Monday, 10 August 2020 10:14

High hopes for Maskwecis after injury and illness

Written by Curtis Stock

Maskwecis came into the 2018 Alberta Yearling Sale with a big, warning-sign bandage on his left, front leg. Now, the three-year-old is only cutting holes in the wind and is the local favourite for next month's $100,000 Canadian Derby at Century Mile with his next start scheduled for Sunday's Aug. 16 one-mile Count Lathum.

"I was worried about the injury," said legendary trainer R.K. 'Red' Smith, whose 2,634 career wins are 49th all time in North America. "But Leanne Knechtel who preps a lot of yearlings for the sale and who prepped this one said not to worry; that he was a really nice colt. Apparently he had put his foot through a fence. Leanne was probably the one who swayed me to bid on him. She kept talking about how much she liked this one. I bought him for $8,000 for myself and Jim and Carole Barker. I'm sure the bandage hurt his price. I figured he could have gone for as much as $15,000. I liked his breeding and he was a nice, balanced colt," he said of Maskwecis, a son of hot, young, Kentucky stallion Jimmy Creed, a Grade 1 stakes winner.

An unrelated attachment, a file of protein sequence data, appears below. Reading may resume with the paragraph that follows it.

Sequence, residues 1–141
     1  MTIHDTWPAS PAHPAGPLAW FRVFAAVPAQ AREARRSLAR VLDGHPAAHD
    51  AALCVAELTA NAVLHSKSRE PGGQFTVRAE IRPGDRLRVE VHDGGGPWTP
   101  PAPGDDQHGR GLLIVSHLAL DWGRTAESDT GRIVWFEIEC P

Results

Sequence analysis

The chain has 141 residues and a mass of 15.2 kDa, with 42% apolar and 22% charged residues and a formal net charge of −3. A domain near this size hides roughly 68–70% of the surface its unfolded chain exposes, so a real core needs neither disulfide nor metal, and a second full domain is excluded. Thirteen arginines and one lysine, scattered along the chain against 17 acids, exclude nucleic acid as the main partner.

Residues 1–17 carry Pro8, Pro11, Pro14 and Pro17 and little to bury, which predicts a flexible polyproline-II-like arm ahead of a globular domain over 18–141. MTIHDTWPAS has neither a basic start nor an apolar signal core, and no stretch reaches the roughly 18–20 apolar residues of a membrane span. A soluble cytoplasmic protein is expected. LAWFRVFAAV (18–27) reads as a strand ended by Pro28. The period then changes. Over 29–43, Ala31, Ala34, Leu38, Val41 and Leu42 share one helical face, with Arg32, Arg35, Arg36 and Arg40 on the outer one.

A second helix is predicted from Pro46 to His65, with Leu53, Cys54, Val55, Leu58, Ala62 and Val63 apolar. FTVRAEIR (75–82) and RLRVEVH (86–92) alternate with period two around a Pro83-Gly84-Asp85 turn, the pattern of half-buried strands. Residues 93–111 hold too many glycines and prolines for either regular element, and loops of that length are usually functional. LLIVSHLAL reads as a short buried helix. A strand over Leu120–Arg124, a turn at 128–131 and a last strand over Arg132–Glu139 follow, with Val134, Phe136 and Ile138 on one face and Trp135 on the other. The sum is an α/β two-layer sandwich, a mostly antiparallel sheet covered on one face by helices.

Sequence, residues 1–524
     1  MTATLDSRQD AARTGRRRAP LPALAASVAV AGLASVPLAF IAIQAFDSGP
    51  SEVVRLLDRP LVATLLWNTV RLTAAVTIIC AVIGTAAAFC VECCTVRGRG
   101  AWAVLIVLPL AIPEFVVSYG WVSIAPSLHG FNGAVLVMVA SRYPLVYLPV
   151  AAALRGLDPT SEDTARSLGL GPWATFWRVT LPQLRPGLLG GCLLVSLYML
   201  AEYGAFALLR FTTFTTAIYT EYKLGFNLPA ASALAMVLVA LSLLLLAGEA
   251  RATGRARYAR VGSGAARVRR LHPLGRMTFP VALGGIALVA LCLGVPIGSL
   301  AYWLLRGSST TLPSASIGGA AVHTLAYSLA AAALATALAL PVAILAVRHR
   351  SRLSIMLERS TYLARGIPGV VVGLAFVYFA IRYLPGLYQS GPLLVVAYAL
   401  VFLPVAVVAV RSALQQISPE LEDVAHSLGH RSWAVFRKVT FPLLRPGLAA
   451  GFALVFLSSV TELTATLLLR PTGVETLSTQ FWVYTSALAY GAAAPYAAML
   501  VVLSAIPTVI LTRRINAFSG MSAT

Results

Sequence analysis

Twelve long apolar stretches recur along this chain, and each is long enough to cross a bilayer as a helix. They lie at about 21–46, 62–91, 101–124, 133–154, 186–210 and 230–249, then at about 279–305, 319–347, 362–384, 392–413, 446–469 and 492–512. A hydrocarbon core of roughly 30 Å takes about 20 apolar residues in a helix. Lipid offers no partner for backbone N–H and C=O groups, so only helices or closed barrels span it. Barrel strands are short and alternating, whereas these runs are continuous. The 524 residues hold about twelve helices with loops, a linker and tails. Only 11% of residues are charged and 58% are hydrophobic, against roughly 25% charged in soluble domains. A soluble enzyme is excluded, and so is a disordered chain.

After the sale Smith took Maskwecis to Westana Ranches outside of Redwater, a world-class training and rehab centre where x-rays, which were negative, were taken. There was no structural damage to the bone. "When we took off the bandage it was pretty bad but nothing serious. It was a big scrape; there's still about a six-inch scar. But it needed to be cleaned up so that the bone didn't get infected. Doug Oberg, who bred the colt, paid for the whole bill which cost about $1,100. So that was nice of him."

Knechtel proved to be right; the injury certainly didn't affect Maskwecis' ability. He ran a nice even race in his debut last July and then in his next start, two weeks later impressively won the City of Leduc stakes, powering from behind to win going away by a length and three-quarters. "We never had a problem with that cut; he was never sore or anything. As soon as we trained him he always had a nice, smooth way of going," said Smith, who believes Maskwecis should probably have won another race last year, the Aug. 25 Birdcatcher. "I still think he should have won that race easily but I don't think he got a very smart ride. The jockey moved with him, took him back and then tried to move again. He ended up fourth."